I look forward to your evidence of XP ever encouraging a user to lower the output resolution, or the content will not, for completely aritificial reasons, play.


Incorrect, if MS didn't include the DRM you would not be able to play the content at all because of the content creators employment of the DRM. So really the problem isn't with MS...they simply are following the rules neccesary to allow you...the user to play the video.
 

Solar

Limp Gawd
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@eloj
I've read a good portion of that article and more than anything it filled me with the warm and fuzzy feeling of FUD as evidenced in my rant/evaluation (depending on how you look at it) at Chanel 9 of Vista's revamped audio stack
---on a side note windows audio is still an annoying beast (at best) that occasionally chooses to stop working with me. I can't decide if it's the beta creative drivers, the now CPU based audio rendering, or the fact that I have a Xi-Fi (a model notorious for audio stuttering) that is causing the stuttering audio from time to time. Or it could be a combo of all three.

@LstOfTheBrunnenG
On the subject of resources, I have an Opteron 170 and GeForce 7900GT with 2GB of ram. I don't think I'm under powered here. My windows experience is a 5.0 :D! I have a wide screen monitor with a native resolution of 1680x1050. TV and DivX movies play fine (with occasionally stuttering audio). But when I try Media Center in full screen and get the message above and my resolution will drop to something like 640x480, but closing media center will remedy the resolution drop.

--------

I also have an older version of nvidia's purevideo codec but the CSS DVDs still refuse to display. Using DECheck I see that MS has an MPEG-2 decoder installed, is that the one that expired around Jan. 5th?

Here's another thing I just remembered: a while back I flashed the firmware of my Memorex DVD drive, which was a Pioneer OEM to be a region free Pioneer DVD drive. Could Vista be mad that I have a region free DVD player? XP never complained.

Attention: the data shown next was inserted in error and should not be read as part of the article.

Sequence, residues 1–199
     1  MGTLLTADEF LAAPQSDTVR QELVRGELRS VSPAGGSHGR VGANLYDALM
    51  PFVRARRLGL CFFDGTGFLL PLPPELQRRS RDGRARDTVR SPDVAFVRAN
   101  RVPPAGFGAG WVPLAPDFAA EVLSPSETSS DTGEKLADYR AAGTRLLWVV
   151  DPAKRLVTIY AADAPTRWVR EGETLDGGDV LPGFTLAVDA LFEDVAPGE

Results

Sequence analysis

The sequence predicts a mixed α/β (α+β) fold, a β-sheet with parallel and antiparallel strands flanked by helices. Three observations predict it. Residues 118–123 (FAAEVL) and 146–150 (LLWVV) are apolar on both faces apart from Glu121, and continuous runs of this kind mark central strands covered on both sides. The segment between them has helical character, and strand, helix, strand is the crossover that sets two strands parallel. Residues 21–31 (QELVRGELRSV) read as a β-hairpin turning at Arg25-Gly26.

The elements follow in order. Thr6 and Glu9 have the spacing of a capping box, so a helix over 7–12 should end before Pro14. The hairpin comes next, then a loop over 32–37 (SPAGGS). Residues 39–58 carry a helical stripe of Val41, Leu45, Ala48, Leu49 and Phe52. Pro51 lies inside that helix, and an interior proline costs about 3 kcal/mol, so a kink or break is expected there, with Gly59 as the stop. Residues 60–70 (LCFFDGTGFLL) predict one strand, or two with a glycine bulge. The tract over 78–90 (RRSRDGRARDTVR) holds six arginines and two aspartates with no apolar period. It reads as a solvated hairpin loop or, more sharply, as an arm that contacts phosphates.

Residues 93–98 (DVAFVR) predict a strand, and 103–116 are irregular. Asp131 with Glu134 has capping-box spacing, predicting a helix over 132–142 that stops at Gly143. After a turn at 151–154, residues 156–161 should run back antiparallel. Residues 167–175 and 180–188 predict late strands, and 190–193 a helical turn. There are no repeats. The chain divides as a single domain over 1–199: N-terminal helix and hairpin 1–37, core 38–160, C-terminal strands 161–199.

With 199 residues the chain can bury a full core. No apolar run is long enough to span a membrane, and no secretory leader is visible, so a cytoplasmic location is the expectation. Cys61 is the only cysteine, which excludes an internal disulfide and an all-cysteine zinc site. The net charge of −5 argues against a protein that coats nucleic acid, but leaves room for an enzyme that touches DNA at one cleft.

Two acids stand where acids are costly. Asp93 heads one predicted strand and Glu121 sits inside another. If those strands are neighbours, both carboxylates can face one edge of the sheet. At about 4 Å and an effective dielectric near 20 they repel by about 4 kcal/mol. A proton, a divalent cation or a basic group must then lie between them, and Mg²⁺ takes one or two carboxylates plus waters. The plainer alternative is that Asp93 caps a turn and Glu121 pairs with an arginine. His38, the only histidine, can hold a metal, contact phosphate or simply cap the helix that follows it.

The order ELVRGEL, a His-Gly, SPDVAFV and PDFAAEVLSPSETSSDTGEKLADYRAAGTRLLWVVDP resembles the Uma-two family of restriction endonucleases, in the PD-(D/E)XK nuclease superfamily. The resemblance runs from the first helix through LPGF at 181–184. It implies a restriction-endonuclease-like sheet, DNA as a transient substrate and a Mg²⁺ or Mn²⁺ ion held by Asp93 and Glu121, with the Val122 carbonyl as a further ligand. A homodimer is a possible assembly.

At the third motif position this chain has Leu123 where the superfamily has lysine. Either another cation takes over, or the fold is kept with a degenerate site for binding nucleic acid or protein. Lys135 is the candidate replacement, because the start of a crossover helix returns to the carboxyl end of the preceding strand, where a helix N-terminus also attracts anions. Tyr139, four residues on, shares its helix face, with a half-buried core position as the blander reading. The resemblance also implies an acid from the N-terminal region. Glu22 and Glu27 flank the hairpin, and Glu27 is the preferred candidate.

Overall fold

Overall though, I'm thinking it's a codec problem with windows. I'll look into finding an MPEG-2 codec that will play right with Vista. From this thread I'm hearing WinDVD 8 and PowerDVD 7 are good options to look at.
 

Finn

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For all purposes it's best to stay clear of Vista - that is unless you're a true masochist.
 

LstBrunnenG

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I would say it's best to stay away from posting unless you know what you're talking about.
 
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For some reason, I cannot play back copy protected DVD's in Windows Vista.



Same here; I can play DVDs with VLC, but I can't play any in WMP/WMC. Have you found a resolution to this yet Solar? I think I might go and trawl the Vista/WMP support newsgroups to see if anyone has any info on this issue.
 

drizzt81

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Same here; I can play DVDs with VLC, but I can't play any in WMP/WMC. Have you found a resolution to this yet Solar?
I am just curious: Why not use VLC if it works? What does WMP offer the VLC does not, aside from the lack of copy-protected DVD video playback?
 

ThreeDee